9. ^ Shankland, Stephen (2008-04-14). "Google mapping spec now an industry standard". CNET. Retrieved 2008-04-14.
  10. ^ "OGC KML 2.3 SWG". OGC. Retrieved 2013-10-07.
  11. ^ "OGC KML 2.3 Standard". OGC. Retrieved 2015-08-04.

External links

ArcGIS Server

ArcGIS Server is the core server geographic information system (GIS) software made by Esri. ArcGIS Server is used for creating and managing GIS Web services, applications, and data. ArcGIS Server is typically deployed on-premises within the organization’s service-oriented architecture (SOA) or off-premises in a cloud computing environment.ArcGIS Server services supply mapping and GIS capabilities via ArcGIS Online for Esri Web and client applications, such as ArcGIS Desktop, ArcLogistics, the Viewer, ArcGIS Explorer, ArcGIS Explorer Online, ArcGIS Viewer for Flex, ArcGIS Mapping for SharePoint, Esri Business Analyst Online (BAO), and applications built with ArcGIS for iOS or BAO for iOS. Numerous third-party applications are licensed to use ArcGIS Server services, as well.

ArcGIS Server extensions allow GIS functionality available within a subset of ArcGIS Desktop extensions to be deployed as Web Services. ArcGIS Server extensions include 3D, Spatial, Geostatistical, Network, Geoportal, Image, Data Interoperability, Workflow Manager, and Schematics.

Typical customer applications include using ArcGIS Server mapping and spatial analysis services in geoportals and spatial data infrastructure, integration with the organization’s asset, customer relationship, natural resource, or work order management system, development of situational awareness or common operating picture solutions, online store and resource locators, public-facing Web portals for government transparency, online tracking of weather events, resource movement, or visualizing change over time, sharing of scientific research and modeling, management and delivery of remote sensing data, collaborative mapping and user-generated content applications, as well as managing data collection projects using mobile devices and global positioning system (GPS) and supporting mobile data intelligence.

ArcGIS Server is available for the Microsoft Windows .NET Framework and the Java Platform. ArcGIS Server ships in three functional editions, Basic, Standard, and Advanced, with the Advanced edition providing the most functionality. ArcGIS Server Basic edition is used primarily to manage multiuser geodatabases and geodata services. Both ArcGIS Server Standard and Advanced editions support the following types of Web services: Feature (for Web editing), Geodata (for geodatabase replication), Geocode (for finding and displaying addresses/locations on a map), Geometry (for geometric calculations such as calculating areas and lengths), Geoprocessing (for scientific modeling and spatial data analysis), Globe (for 3D and globe rendering), Image (for serving raster data and providing control over imagery delivery, such as satellite imagery or orthophotos), Keyhole Markup Language (KML), Map (for cached and optimized map services), Mobile (for running services on field devices), Network Analyst (for routing, closest facility location, or service area analysis), Search (for enterprise search of GIS assets), Web Coverage Service (WCS), Web Feature Service (WFS) and Transactional Web Feature Service (WFS-T), and Web Map Service (WMS).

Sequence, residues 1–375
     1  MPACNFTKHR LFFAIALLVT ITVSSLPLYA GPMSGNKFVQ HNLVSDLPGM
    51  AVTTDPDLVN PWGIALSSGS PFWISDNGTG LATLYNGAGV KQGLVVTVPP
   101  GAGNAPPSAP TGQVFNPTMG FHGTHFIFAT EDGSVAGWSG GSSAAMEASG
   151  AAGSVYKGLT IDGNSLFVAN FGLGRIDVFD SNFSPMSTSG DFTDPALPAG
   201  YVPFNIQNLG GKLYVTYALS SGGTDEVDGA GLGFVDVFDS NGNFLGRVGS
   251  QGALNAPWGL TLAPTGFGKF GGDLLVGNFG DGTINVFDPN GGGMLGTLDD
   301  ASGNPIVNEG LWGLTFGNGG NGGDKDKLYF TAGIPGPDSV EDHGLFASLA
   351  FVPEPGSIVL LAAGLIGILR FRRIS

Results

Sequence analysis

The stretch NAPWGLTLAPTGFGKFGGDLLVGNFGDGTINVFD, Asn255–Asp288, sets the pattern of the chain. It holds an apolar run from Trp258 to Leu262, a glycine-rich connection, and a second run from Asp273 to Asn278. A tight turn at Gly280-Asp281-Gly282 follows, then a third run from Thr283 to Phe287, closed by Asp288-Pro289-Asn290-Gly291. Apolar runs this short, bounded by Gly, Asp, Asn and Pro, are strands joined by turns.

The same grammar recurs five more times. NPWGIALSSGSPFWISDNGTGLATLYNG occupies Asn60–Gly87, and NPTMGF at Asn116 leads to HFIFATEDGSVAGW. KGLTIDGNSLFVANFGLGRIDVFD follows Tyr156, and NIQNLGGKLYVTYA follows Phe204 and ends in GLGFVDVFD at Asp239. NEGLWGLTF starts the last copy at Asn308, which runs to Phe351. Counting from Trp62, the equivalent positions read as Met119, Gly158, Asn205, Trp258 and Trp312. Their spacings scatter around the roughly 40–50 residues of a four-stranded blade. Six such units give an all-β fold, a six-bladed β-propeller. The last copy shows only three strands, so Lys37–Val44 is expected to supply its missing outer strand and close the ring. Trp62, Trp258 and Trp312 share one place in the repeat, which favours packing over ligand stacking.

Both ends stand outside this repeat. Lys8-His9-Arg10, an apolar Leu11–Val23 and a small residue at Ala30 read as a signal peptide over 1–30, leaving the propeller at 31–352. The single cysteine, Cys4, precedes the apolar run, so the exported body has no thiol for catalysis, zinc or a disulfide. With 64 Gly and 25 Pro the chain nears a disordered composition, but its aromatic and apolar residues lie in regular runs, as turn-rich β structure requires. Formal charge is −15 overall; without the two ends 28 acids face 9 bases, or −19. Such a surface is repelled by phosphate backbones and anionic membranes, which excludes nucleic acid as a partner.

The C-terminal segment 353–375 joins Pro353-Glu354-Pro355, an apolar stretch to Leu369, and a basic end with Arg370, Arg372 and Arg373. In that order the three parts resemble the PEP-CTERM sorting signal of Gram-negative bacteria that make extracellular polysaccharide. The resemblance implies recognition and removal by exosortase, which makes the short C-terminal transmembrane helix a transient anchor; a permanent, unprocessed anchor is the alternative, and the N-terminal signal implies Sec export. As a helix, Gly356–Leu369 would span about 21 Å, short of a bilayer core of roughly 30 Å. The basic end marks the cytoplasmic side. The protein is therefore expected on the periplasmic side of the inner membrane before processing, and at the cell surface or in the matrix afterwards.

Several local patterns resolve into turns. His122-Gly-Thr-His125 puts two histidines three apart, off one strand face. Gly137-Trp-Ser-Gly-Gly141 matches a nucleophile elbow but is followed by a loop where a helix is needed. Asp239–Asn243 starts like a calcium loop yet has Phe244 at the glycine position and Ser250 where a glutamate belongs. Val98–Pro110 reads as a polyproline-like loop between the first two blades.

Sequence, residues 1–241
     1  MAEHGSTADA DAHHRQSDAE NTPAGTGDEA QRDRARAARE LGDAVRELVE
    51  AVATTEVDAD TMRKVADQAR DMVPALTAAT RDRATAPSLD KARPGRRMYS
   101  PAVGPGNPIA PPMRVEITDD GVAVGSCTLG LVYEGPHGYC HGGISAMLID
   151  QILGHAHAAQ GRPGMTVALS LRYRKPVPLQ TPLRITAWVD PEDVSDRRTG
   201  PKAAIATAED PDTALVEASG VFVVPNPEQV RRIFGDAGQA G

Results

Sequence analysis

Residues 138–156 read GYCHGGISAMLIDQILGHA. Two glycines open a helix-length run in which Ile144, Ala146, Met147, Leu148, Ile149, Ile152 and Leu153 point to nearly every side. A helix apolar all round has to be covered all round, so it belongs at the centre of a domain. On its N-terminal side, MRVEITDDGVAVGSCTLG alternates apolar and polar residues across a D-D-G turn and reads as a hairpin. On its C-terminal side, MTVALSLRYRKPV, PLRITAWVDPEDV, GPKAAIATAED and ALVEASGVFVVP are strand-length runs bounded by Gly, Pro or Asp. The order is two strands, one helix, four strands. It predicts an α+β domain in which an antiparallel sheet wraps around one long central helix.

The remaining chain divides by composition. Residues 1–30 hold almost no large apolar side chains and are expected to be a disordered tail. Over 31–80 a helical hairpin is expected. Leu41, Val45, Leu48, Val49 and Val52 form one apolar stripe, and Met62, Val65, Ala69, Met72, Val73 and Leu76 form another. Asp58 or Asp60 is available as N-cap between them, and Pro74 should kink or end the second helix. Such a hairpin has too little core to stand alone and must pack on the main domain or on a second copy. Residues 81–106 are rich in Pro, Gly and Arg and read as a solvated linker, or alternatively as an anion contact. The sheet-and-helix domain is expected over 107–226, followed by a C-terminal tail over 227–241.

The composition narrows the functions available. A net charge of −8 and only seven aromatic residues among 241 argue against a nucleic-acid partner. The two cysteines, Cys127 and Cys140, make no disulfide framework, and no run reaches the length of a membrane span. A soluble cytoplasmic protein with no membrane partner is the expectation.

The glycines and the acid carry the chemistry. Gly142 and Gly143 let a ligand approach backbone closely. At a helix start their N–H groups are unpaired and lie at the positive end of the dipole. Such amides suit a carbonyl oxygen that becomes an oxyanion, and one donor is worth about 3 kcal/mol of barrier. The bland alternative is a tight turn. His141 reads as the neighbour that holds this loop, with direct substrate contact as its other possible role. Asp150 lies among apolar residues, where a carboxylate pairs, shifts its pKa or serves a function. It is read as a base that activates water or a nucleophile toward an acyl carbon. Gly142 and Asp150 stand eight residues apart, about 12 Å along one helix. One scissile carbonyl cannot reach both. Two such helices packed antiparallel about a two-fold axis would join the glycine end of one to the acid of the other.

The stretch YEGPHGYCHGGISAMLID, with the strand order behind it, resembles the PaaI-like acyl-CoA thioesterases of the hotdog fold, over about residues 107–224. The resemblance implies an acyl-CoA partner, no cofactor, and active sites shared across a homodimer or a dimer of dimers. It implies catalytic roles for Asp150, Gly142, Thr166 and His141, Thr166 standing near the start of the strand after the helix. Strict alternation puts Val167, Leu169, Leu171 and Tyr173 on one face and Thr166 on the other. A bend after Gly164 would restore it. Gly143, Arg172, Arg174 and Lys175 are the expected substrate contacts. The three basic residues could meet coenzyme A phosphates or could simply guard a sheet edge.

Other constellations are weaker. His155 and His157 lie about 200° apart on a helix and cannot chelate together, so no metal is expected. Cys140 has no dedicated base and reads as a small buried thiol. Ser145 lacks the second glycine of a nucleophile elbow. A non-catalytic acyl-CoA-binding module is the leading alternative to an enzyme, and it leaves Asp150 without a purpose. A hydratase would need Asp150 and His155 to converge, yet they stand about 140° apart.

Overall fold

In addition, ArcGIS Server editions are available at two levels, scaled according to capacity: Workgroup and Enterprise. ArcGIS Server Workgroup can be deployed on a single machine to support a maximum of 10 simultaneous connections to a multiuser geodatabase. With Workgroup, the multiuser geodatabase storage capacity cannot exceed ten gigabytes. ArcGIS Server Enterprise supports distributed deployment of ArcGIS Server components, unlimited simultaneous connections to a multiuser geodatabase, and unlimited multiuser geodatabase storage capacity.

ArcGIS Server is also used to manage multiuser geodatabases. Multiuser geodatabases leverage ArcSDE technology, implemented on a relational database management system (RDBMS). ArcGIS Server Enterprise supports IBM DB2, IBM Informix Dynamic Server, Microsoft SQL Server, Oracle, and PostgreSQL. ArcGIS Server Workgroup supports Microsoft SQL Server Express R1 and R2.

ArcGIS Server is used by the software developer and Web developer to create Web, desktop, and mobile applications. Esri provides developers with application development framework (ADF) and application programming interface (API) including, ArcGIS API for JavaScript, ArcGIS API for Flex, ArcGIS API for Microsoft Silverlight/WPF, ArcGIS API for iOS, BAO API, BAO for iOS, as well as the ArcGIS Mobile software development kit (SDK), and ArcGIS Server REST and SOAP APIs.